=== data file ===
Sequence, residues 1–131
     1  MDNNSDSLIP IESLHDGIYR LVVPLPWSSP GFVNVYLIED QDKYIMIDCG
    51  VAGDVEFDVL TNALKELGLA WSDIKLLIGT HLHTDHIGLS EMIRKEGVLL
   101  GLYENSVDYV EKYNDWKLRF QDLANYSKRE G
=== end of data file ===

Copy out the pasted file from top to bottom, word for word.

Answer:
Sequence, residues 1–131
     1  MDNNSDSLIP IESLHDGIYR LVVPLPWSSP GFVNVYLIED QDKYIMIDCG
    51  VAGDVEFDVL TNALKELGLA WSDIKLLIGT HLHTDHIGLS EMIRKEGVLL
   101  GLYENSVDYV EKYNDWKLRF QDLANYSKRE G